Islam in France is a touchy subject.
As the government continues to push to ban the burka — a full-body veil worn by many Muslim women — critics cite the move as proof of pervasive racism and xenophobia.
The ban is intended to promote gender equality along with a new series of gender rights classes being proposed for new immigrants to the country.
In 2009, Le Figaro, a national newspaper, estimated that only 2,000 women in the country, which has the largest Muslim population in Europe, actually wear the garment.
They’ve already banned most religious clothing items in public schools, including the hijab — a covering for the hair and neck that is worn by Muslim women. Yet the issue is far from resolved.
Here’s a timeline of some recent events and clashes between government and the veil:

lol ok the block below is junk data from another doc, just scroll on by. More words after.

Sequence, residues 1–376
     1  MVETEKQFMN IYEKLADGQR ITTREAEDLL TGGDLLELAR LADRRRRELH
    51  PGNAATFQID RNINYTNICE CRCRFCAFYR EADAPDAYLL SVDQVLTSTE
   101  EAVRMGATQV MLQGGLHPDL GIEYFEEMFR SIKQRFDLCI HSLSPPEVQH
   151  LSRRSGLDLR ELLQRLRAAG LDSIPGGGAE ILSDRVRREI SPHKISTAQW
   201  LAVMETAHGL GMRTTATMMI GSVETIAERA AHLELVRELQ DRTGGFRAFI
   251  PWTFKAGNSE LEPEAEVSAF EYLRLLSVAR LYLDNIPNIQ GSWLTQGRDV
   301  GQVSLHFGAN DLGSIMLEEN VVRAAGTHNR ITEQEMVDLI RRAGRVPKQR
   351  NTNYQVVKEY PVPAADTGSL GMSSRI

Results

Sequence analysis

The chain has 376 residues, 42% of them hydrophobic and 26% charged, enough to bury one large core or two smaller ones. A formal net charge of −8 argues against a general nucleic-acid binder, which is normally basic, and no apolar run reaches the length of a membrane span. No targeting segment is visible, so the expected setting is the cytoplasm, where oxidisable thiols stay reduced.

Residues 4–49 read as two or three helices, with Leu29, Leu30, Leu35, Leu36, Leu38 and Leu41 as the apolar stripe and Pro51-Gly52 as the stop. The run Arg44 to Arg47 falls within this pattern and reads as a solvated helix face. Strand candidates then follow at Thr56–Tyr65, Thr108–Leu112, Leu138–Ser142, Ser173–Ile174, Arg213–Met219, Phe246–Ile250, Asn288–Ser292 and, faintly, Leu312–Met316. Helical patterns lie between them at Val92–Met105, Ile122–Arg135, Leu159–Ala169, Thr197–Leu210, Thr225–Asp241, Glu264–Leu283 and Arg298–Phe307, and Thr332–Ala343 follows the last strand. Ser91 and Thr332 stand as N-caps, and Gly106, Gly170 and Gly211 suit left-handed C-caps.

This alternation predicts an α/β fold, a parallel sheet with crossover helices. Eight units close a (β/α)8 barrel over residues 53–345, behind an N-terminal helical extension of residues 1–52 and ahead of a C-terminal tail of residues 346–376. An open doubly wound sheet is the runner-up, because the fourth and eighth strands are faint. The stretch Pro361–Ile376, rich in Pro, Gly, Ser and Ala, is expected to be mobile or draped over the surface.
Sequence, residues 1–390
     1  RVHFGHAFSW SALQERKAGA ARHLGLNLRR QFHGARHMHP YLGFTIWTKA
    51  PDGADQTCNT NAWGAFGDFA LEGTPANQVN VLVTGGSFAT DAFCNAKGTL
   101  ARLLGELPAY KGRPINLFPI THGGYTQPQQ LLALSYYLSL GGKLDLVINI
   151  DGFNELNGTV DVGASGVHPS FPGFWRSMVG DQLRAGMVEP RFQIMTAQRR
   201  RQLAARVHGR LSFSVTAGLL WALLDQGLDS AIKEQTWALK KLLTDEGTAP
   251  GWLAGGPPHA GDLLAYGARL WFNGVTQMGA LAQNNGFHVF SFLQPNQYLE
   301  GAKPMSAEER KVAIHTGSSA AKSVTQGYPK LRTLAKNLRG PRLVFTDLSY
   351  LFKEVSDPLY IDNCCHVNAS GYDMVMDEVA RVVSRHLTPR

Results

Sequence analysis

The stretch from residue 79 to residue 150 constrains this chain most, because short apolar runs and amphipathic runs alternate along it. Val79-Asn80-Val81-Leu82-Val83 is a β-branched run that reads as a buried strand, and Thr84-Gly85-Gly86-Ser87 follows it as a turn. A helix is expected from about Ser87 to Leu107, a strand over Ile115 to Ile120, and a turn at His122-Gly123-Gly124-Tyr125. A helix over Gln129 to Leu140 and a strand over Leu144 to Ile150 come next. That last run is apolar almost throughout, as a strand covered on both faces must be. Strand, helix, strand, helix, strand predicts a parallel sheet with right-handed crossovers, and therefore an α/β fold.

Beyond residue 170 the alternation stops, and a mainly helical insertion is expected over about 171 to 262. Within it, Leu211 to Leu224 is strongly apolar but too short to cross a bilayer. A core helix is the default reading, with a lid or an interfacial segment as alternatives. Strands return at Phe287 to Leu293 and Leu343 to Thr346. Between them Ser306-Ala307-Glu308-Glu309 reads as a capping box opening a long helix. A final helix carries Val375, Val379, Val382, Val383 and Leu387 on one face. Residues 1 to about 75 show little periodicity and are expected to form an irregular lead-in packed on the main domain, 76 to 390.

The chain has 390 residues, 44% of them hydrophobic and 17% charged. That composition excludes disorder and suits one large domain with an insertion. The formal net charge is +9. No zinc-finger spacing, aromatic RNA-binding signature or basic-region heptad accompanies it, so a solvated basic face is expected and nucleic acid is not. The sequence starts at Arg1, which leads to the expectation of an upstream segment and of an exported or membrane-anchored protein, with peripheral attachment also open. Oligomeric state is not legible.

— June 22, 2009: French Prime Minister Nicolas Sarkozy calls the burka a sign of “subservience” and said it was “not welcome” in France, according to a Daily Telegraph article.
— June 27, 2009: al-Qaida releases a statement threatening to retaliate against France should the burka ban pass.
— Late 2009: Public meetings begin to discuss “national identity” as waves of Muslim North African immigrants enter the country.
— Jan. 26, 2010: A parliamentary committee report recommends that Muslim women should not be allowed to wear a burka in public places.
— Feb. 4, 2010: Government officials deny citizenship to a Moroccan man who forces his wife to wear the full-body veil, citing violations of gender equality-based values systems.
— Feb. 6, 2010: Two gunmen dressed in burkas rob a bank near Paris, taking nearly 4,500 euros ($6,122).
— Mid February: Immigration officials end the national identity debates and recommend requiring national flags, singing of the national anthem in schools and gender equality education classes.